• Apr 18, 2007

We get the whole omelet and broken eggs equation, but after seeing all the photos of Enzos wrapped around poles, we still find it hard to wrap our own heads around the notion that someone would take a million-dollar exotic and purposely crash it into a wall.

Unfortunately, the realities of safety certification demand that even an exclusive and expensive supercar like the record-shattering McLaren F1 still needs to be tested, to some extent, for road worthiness.

The video after the jump shows what happened – or rather, what didn't happen – to the supercar as it was crash-tested at the Motor Industry Research Association (MIRA) facility in England. You'll notice how the front structure of the Macca's carbon fiber monocoque chassis absorbed all the impact, leaving the rest of the car intact. Amazingly, the car was reported as the only car ever to be driven away from a MIRA crash test.

Warning: If you suffer from a heart condition, polarized emotional tendencies or depression, Autoblog does not advise viewing the video after the jump. Viewer discretion is advised.

[Source: Motor Authority]



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  • 19 Comments
      • 7 Years Ago
      This test looks like it's nowhere near the speeds of a IIHS crash test.
        • 5 Years Ago
        thats because this is the High Speed Camera View. At Normal Speed, the Crash only lasts a few seconds.
      • 7 Years Ago
      Actually the statement that it was "driven away" isn't 100% true. Gordon Murray (the designer) said that the XP2 test mule didn't have an engine fitted. It had a ballast weight to simulate one. It *would* have been able to drive away if there was one present.
      • 7 Years Ago
      Not to take anything away from the car but doesnt everyone realize that it was able only because it has a rear mounted engine unlike other cars with front mounted engines. If the engine was mounted on the front of the car the base structure might have survived but the car would still have needed to be towed away. The amazing part was not that it was driven away but that it took so little damage.
      • 7 Years Ago
      Yes, but the car's design is such that it can drive away from such a crash. Why would we hypothesize possibilites for how the car isn't designed?
      • 7 Years Ago
      Screw the crash test; they should have given that car to people below the mclaren poverty line: LIKE ME!!
      • 7 Years Ago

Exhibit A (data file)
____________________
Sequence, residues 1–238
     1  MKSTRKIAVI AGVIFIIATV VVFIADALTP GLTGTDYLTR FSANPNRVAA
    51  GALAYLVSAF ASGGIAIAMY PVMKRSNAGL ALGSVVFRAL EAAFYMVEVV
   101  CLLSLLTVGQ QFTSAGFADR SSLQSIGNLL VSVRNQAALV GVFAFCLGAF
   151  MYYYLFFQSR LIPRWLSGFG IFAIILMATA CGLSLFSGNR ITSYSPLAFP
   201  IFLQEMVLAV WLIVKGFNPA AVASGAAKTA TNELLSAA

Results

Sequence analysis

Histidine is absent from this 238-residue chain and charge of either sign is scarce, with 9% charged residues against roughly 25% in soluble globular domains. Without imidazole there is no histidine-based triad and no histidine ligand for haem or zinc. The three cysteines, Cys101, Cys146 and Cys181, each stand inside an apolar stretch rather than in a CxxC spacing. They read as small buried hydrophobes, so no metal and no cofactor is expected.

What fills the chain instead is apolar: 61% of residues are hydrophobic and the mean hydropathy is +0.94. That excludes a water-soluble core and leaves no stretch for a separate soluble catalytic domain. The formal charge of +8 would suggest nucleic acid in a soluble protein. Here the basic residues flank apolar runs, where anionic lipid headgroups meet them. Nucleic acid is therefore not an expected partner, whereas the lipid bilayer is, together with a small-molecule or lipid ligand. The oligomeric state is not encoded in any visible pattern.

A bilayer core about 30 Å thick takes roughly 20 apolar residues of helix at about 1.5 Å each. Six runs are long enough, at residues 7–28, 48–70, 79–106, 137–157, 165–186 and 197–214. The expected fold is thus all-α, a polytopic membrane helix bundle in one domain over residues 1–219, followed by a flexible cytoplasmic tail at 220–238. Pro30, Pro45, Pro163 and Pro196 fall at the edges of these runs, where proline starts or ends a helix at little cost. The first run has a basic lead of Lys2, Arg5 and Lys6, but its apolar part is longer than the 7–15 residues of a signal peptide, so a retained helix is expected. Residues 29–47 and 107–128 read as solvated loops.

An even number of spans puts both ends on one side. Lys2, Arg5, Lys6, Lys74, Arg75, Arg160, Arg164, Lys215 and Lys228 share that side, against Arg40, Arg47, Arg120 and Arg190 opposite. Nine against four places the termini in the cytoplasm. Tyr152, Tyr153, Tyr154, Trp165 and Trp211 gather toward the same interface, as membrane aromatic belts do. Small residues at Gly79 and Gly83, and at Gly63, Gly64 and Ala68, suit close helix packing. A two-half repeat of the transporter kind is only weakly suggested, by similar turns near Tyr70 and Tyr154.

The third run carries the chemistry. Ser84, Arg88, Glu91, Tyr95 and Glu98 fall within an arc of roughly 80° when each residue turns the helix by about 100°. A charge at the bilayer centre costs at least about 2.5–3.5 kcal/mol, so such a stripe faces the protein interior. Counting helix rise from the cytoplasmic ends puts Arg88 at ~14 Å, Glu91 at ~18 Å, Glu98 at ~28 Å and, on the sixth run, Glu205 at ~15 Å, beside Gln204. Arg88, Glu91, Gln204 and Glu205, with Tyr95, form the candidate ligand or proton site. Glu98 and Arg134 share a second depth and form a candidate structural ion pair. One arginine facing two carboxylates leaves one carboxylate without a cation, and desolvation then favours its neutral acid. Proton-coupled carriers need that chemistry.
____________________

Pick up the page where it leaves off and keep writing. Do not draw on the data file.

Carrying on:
Wasn't there a "Big Mac" that crashed on the Nurburgring or some other track, at well over 100 or even over 150, and the professional driver walked away from the flipped and destroyed Mac.

      This car was noteable for the occupant safety cell made of aluminum honeycomb substrate and carbon fiber.

      F1 cars may disintegrate to absorb energy, but the driver's tub and roll structure stays intact, as the rest of the car tears away... That looks like what happened here, where everything forward of the safety cell, aside from the front suspension completely crushed. Isn't that what "crumple zone" means?

      If something like that were to happen on a real street, the body might be in bad-looking shape, but the car would protect it's driver, and not go wildly out of control.

      One has to give big props to Gordon Murray, Peter Stevens, and the rest of the very few designers that made the McLaren F1 such an amazing machine. No "committee think" whatsoever, just pure engineering and soul poured into the design.
        • 6 Years Ago
        The driver who crashed was none less than Bernd Pischetsrieder, former CEO of BMW and then VW, with passengers, on a public highway. The car was flipped and totalled, but everyone walked away unscathed. The official police report stated 75 mph (due to a very generous charitable donation), but he was driving much faster.
      • 7 Years Ago
      that was a real real expensive crash test.

      http://www.burnedbytheman.com
      • 7 Years Ago
      Excellent craftsmanship.
      • 7 Years Ago
      Honestly I'm bothered by this test because as a rule of thumb the less damage to the car, the more to the person (all other forces being equal). I'm sure you've noticed how F1 cars disintegrate on impact to protect the driver. I imagine the number of Enzo losses is also higher because of the energy absorbing safety enginering (granted there were high speeds and bad decisions involved too).

      Note that it says the car drove away, it doesn't say the scores were actually good. I'll be glad to be proven wrong on that, but I don't think we're looking at this very critically.
      • 7 Years Ago
      noooooooooooooo
      • 7 Years Ago
      Or my 5300 lb Chevy? People walk away from accidents in that beast all the time.
      • 7 Years Ago
      In this case, you get what you pay for.
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